Change has always been, and will always be, a constant. But in the last couple of years, this change has accelerated considerably. The raft of current global challenges, including climate breakdown, biodiversity loss, pollution, social inequality, migration and the refugee crisis, is becoming more and more visible, and people expect their organizations to address them.

The great profit motive is being challenged, and employees are placing greater scrutiny on their organizations than ever before. At the same time, they’re also revisiting their own priorities around the work they’re prepared to do, how they’re prepared to do it, and when they’re prepared to do it. This has led to what is being called The Great Resignation, and how organizations choose to respond to these challenges will determine whether their people decide to stay.

The biggest leadership challenge of our times is the ability to embrace this change. It’s tumultuous but exciting, and there are many examples of progressive, human-centered organizations finding ways to make a profit while also doing good. The role of the leader in these organizations has shifted away from a hierarchical position of command and control toward being a provider of optimism, meaning, value and structure. It is about supporting, inspiring and collaborating with people, understanding them as individuals and empowering them on their journey to becoming leaders.

But how does an individual leader go about making these changes to their approach? It’s challenging and therefore vital that organizations support leaders at all levels in doing so. This might have been attempted in the past by developing off-site, multi-tier development programs, sheep-dipping people through them and then expecting them to come out the other side ready to perform.

But now, this is shifting toward a more human-centered approach, which means asking leaders “how best to support our leaders?” It means developing a culture in which the capacity for leadership action is democratic and pervasive — a culture in which leaders develop leaders.

Here are four ways to create this culture in your organization:

1. Engage and Involve

People own what they create. So, if you have a change need, involve your people in it from the beginning — especially those who will be impacted by the change. Bring this group together, help them experience the need for change, show them examples of good and bad practices and then have some wonderful, quality conversations about it.

With the right balance of facilitation and collaboration, this open dialogue will produce the answers you need. It will also cement the crucial emotional engagement for any change initiative to succeed. Collaborative change processes are rich learning experiences, cementing emotional engagement, increasing people’s confidence and making it more likely that they will step up again in the future.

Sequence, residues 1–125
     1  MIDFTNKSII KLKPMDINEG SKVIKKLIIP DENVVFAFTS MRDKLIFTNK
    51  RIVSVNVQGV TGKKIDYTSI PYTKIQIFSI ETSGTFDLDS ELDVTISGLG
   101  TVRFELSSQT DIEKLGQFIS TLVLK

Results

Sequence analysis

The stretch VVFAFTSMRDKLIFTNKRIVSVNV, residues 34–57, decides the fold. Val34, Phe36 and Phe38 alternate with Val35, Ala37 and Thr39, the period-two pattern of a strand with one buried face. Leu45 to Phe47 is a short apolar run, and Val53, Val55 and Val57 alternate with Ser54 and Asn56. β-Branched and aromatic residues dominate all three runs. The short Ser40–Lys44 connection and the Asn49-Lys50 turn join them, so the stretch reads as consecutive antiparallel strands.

2. Foster a Feedback Culture

Self-awareness is a foundational leadership ability, but too often in organizations, people are afraid of feedback — scared of confrontation, causing trouble or hearing something they won’t like. Encourage a feedback culture in your organization by bringing a small group of people together to complete a task. Afterward, ask them to discuss how well they thought they worked together.

Make sure this is a two-way process by encouraging each person to invite feedback from everyone else in the group. This may feel unnatural and scary at first, but open, honest conversation and two-way feedback are both measures of a healthy organization. Self-awareness is accelerated once giving and receiving feedback is incorporated into your everyday practice.

3. Model a Human-centered Approach to Leadership

Human-centered leadership is, fundamentally, about understanding the people you work with. Finding the time to have regular one-on-ones with your employees and engaging them in open, honest and empathetic dialogue will allow you to get to know them as individuals and develop a bedrock of trust on which to build your relationship.

This understanding will enable you to provide them with the right balance of support and challenge, empowering rather than instructing, collaborating rather than working separately and allowing them to thrive on their journey to becoming a human-centered leader.

4. Create Space for Leadership to Emerge “Notice, Decide, Act”

Developing a leadership culture is not about telling people how to be better leaders. It’s about creating the opportunity for leadership to emerge organically. One of the most successful ways to do this is to take an innovation process and throw it wide open, bringing a diverse group of people into a room to talk about how to achieve it. This creates space for leadership to emerge from unexpected places.

You can further enable this by providing the right conditions: support, provocation, openness and challenge. Use this strategy to foster a culture in which leadership action can come from anywhere — a culture in which anyone can notice the need for change, decide what to do about it and act.

In Conclusion

By adopting these strategies and mindset shifts, you will model and foster the conditions for a human-centered approach to leadership: self-awareness, collaboration, empathy and a balance of support and challenge tailored to the individual. This is how you will create the leadership that you think you need by encouraging and inspiring others to develop it for themselves.